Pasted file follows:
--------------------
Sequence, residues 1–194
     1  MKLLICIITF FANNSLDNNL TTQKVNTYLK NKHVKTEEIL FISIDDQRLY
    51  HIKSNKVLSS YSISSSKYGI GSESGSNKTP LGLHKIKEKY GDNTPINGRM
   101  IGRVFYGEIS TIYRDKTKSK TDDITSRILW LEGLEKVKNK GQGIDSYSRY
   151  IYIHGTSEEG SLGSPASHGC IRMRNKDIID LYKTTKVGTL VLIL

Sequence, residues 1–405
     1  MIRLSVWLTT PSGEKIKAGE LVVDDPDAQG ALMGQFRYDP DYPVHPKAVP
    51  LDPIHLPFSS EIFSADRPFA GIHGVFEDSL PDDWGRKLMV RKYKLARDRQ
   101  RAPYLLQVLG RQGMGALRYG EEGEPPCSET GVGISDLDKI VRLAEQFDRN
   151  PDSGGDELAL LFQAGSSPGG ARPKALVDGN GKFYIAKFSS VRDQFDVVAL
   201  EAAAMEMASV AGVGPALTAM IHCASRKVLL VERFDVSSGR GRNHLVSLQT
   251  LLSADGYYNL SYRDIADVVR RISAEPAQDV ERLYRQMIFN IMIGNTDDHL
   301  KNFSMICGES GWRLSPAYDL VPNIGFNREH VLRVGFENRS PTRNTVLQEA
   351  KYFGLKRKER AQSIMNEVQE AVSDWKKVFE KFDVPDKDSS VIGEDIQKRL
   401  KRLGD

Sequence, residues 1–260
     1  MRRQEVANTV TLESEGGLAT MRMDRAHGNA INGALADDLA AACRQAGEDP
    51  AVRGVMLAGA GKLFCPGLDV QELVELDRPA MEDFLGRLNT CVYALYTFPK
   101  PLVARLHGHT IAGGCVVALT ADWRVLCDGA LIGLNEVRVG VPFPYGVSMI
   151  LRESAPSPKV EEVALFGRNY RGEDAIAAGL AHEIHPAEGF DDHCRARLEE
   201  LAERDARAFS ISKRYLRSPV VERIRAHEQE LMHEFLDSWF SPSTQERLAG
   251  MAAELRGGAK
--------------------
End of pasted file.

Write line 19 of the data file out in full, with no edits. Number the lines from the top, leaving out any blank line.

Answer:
   101  PLVARLHGHT IAGGCVVALT ADWRVLCDGA LIGLNEVRVG VPFPYGVSMI